I guess I'm just trying to get a handle on the equivalent DOF between 85mm f1.4 on FF and 55mm f1.4 on APS-C.

I know that more distance between the subject and background increases bokeh...I know that less distance between lens and subject increases bokeh...I know that FF increases bokeh over aps-c...I can't seem to get my head around how these all play together when trying to compare the above combinations. I realize that every subject and background will cause variables.

I'm trying to figure this out because I think the 55mm would be more versatile (and I want the DA* over a cheaper manual because I could sell my DA 18-55 WR and still have a sealed lens), but I really want the bokeh. So if I have to get the Samyang (new Sigma out of price range) to get the bokeh, then I'll go with that.

Thanks again...
The way that FF "increases bokeh" over APS-C is by allowing you to get closer and still keep the same framing. Given the same lens, aperture, and distance to subject, the only thing that will change is the framing.

10-27-2010, 11:38 AM   #9
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QuoteOriginally posted by farfisa Quote
The way that FF "increases bokeh" over APS-C is by allowing you to get closer and still keep the same framing. Given the same lens, aperture, and distance to subject, the only thing that will change is the framing.
It's not quite that simple though - from my understanding of reading the about the Circle of Confusion, the sensor size affects it as well, as expressed by this equation:

CoC (mm) = viewing distance (cm) / desired final-image resolution (lp/mm) for a 25 cm viewing distance / enlargement / 25
10-27-2010, 01:14 PM   #10
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Well, it all depends on which CoC you are talking about. Going to larger sensor size actually increases the CoC on the image side while keeping the same focal length would mean smaller CoC on the object side.

Dr. Nasse from Zeiss Optics actually wrote an article on this subject, Depth of Field and Bokeh:

Depth of Field and Bokeh by Dr. Nasse

It's an excellent read that would clear lots of confusions out there. Myth such as "9 blades guarantee smooth bokeh" is definitely not true at all.
10-27-2010, 04:29 PM   #11
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Hi. Todd. On an APS-C camera as opposed to Full Frame i do agree that the 70 to 90 focal length is a good way to get creamy circular bokeh. Although I will agree that the optical formula does play a part so choosing your lens may be a tough call. I have no issue with the DA70's results for bokeh however the best I have at the moment is the Tamron SP90 2.8 which has a lovely bokeh.
it is in this light that I wish to suggest a few articles to help you understand DOF and bokeh and how they relate. While aperture does play a large part it is not the only factor
I found these articles quite helpful

The Online Photographer: Depth-of-Field Hell
And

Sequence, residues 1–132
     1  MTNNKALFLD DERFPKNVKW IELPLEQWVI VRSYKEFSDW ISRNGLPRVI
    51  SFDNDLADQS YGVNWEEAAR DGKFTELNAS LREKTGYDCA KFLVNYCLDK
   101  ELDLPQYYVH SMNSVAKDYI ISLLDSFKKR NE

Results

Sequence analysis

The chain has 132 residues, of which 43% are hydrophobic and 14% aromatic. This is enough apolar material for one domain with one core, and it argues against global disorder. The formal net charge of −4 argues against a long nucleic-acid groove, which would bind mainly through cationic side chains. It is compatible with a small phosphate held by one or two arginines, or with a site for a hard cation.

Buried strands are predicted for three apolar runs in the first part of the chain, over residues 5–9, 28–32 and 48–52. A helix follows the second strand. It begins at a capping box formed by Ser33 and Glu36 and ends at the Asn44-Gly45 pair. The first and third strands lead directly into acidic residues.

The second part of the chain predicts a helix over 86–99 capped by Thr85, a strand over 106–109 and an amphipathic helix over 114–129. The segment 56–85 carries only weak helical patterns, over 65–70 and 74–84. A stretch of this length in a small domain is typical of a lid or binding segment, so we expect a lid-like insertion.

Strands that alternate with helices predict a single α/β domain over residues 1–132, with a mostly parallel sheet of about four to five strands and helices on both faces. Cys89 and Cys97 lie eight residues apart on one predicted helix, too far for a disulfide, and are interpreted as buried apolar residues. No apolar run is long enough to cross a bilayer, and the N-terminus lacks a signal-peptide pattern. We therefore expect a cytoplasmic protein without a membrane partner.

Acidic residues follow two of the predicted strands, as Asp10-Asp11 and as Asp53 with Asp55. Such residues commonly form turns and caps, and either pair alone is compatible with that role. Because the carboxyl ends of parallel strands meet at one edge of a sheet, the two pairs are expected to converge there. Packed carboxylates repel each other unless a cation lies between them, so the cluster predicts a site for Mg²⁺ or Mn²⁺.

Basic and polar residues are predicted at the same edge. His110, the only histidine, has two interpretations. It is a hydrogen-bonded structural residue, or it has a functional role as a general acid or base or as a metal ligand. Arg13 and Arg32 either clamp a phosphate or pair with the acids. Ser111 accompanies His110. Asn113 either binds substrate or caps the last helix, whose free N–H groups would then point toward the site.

The Online Photographer: Depth of Field Hell?The Sequel

I think the example you found on Flikr is great but Full frame is capable of a more shallow depth of field and the same 85 1.4 lens on APS-C will behave differently. Not to mention the photo was post processed quite well!

I hope this helps
Cheers
Roger
10-27-2010, 06:52 PM   #12
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Roger, thanks for the links, the first one especially solidifies what I was thinking about this...so the 135mm 2.8 would probably give me something like a rough approximation in terms of DOF that we see in the link I originally posted. Aperture would be smaller, but the extra distance would make up for it (roughly). Expounding this further, I should be able to shoot my DA 55-300 at 300mm and f5.8 and get narrow DOF too (but I'd be a block away!).

I didn't mean to make my quest sound like it was about quality of bokeh...it was more about how narrow a DOF I can get with my subject's full body easily in the frame. The quality is good, and you're right, I like what the DA 70 gives, but I know that the 85/1.4 or 55/1.4 would have narrower DOFs at similar focal lengths.

Thanks!
10-28-2010, 11:51 AM   #13
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looking at the pictures in the link you have provided, they were shot with 85mm lens on FF camera. DA*55 will provide you very similar FOV on your APSC Pentax to that. f1.4 on 55APSC will have bit deeper DOF than f1.4 on FF but I think the DA* would easilly deliver what you are after. Putting the 85mm on APSC you would have to flinch back quite a bit more to get full body in!
10-28-2010, 12:39 PM   #14
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I really, really like the Samyang/Rokinon 85/1.4 on my D700 (so much that I sold my Nikon 85/1.8 AF), but I haven't used it on APS-C.
10-28-2010, 02:04 PM   #15
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QuoteOriginally posted by gnaztee Quote
I guess I'm just trying to get a handle on the equivalent DOF between 85mm f1.4 on FF and 55mm f1.4 on APS-C.
Alright here goes...The depth of field is the same.

A 35mm lens at f1.4, and 55mm lens at f1.4 and an 85mm lens at f1.4 all have the same absolute depth of field if you are framing the same subject on the same format (i.e. a headshot with an APS-C camera).

The only thing that will change will be the amount of background visible. So decide if you like the look of a 85mm lens or the look of a 55mm lens. You can decide this from using a zoom and looking carefully at the background.